While light and disposable, this still proves eminently amusing, thanks mostly to the performance you'd expect from O'Toole. Set in the 1950's, he plays alcoholic swashbuckler Alan Swann, sent to New York to take part in a variety show, entirely for tax purposes, since the IRS will take 50% of his fee, in exchange for not deporting him. Looking after him is long-term fan and junior writer Benjy Stone (Linn-Baker), who has to try and keep his charge out of trouble - and, probably even harder, sober long enough for his part on the show. [Although most of the scrapes are fictional, it's inspired by a true event, where executive producer Mel Brooks was a writer for Sid Caesar's TV show, and Errol Flynn was a special guest] Meanwhile, Benjy has to cope with his Jewish mother and woo a co-worker, while the show comes under threat from a mob boss, upset at the unflattering portrayal of him in a series of sketches.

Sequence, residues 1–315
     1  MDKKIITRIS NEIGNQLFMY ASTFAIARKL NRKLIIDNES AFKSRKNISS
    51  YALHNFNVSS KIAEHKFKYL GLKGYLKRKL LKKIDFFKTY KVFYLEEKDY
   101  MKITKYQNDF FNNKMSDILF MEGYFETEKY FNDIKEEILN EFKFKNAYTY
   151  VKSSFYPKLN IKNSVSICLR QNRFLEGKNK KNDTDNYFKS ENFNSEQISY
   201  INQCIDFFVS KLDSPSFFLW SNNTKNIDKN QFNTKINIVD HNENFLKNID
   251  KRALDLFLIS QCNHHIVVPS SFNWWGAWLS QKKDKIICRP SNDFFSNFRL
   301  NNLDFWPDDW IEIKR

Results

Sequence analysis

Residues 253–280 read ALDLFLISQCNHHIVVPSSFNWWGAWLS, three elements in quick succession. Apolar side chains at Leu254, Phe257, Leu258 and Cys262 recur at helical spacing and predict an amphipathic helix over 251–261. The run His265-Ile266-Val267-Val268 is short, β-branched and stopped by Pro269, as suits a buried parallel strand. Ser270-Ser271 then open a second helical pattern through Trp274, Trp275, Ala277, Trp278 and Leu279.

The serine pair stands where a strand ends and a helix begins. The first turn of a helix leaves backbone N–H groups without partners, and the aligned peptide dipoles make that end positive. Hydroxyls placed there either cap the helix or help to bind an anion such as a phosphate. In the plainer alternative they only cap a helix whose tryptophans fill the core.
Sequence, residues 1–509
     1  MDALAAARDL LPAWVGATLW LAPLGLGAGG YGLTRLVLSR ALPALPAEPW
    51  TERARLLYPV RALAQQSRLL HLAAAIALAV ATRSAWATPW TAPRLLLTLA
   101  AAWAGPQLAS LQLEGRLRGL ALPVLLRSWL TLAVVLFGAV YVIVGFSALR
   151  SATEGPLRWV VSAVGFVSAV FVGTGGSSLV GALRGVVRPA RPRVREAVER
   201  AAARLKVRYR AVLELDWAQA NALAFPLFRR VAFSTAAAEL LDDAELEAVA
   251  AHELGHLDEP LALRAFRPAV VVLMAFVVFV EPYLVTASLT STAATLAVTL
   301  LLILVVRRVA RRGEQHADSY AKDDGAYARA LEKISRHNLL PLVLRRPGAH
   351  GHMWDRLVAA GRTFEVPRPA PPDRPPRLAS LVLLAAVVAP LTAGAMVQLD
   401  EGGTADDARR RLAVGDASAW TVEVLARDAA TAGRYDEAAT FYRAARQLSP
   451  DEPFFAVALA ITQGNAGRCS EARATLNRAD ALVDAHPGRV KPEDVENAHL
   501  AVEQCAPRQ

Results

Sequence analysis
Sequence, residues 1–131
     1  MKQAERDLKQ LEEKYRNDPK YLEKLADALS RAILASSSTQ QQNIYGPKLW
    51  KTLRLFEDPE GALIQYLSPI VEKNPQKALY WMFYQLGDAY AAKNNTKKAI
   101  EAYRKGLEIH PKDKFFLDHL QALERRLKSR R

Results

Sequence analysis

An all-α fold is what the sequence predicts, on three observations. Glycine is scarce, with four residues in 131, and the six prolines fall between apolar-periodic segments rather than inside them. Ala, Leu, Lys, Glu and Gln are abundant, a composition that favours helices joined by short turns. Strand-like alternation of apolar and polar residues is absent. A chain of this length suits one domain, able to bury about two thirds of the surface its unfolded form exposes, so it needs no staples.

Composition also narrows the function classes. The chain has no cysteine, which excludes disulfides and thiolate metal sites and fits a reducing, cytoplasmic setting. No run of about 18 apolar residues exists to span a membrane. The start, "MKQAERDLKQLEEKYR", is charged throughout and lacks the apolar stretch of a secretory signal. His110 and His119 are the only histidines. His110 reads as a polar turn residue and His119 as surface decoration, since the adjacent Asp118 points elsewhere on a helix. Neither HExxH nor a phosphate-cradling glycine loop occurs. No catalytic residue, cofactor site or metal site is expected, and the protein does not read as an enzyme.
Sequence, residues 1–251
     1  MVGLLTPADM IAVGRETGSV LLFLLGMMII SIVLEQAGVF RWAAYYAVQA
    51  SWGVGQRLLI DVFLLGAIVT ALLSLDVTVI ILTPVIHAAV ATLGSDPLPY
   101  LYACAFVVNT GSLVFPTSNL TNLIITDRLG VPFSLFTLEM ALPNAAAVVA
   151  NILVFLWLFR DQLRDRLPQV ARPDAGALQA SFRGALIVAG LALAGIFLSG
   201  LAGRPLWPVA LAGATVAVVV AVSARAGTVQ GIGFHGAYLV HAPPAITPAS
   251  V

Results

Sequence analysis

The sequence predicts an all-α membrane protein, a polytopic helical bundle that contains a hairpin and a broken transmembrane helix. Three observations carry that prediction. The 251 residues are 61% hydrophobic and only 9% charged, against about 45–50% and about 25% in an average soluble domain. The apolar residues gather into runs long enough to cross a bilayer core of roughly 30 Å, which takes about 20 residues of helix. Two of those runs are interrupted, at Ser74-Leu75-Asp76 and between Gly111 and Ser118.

O'Toole kicks ass. He's perfect as the dissolute star, charming in his inebriation and you can see why he got an Oscar nomination, losing out for Best Actor to Ben Kingsley in Gandhi - the seventh of eight such nominations for O'Toole, over a span of 44 years, without winning any of them. And you thought Scorsese was patient. Linn-Baker is okay: it'd take someone special not to be massively overshadowed by his co-star, but he has some decent moments, tiptoeing through the minefield of a Jewish mother and Philippino boxer step-father. I can't say the gangster side of the plot is even the slightest bit convincing, though it's probably a necessary evil to give the film an actual climax, after Swann suddenly realizes the show is not recorded but live, and comes down with stage-fright, leading to the immortal line, "I'm not an actor! I'm a movie-star!" The chasm between the two is what inspires most of this film's charm.